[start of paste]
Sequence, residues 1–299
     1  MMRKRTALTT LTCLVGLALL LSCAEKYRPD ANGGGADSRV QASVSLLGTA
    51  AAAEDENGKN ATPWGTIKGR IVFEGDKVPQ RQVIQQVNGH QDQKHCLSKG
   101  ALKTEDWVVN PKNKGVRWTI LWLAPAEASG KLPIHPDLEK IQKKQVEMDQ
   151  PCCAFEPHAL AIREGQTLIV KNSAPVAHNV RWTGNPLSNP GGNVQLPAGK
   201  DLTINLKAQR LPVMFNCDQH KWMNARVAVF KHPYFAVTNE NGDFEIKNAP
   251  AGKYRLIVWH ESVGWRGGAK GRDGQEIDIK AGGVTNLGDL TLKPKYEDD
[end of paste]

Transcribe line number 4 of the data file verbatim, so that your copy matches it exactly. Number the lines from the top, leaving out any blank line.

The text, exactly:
   101  ALKTEDWVVN PKNKGVRWTI LWLAPAEASG KLPIHPDLEK IQKKQVEMDQ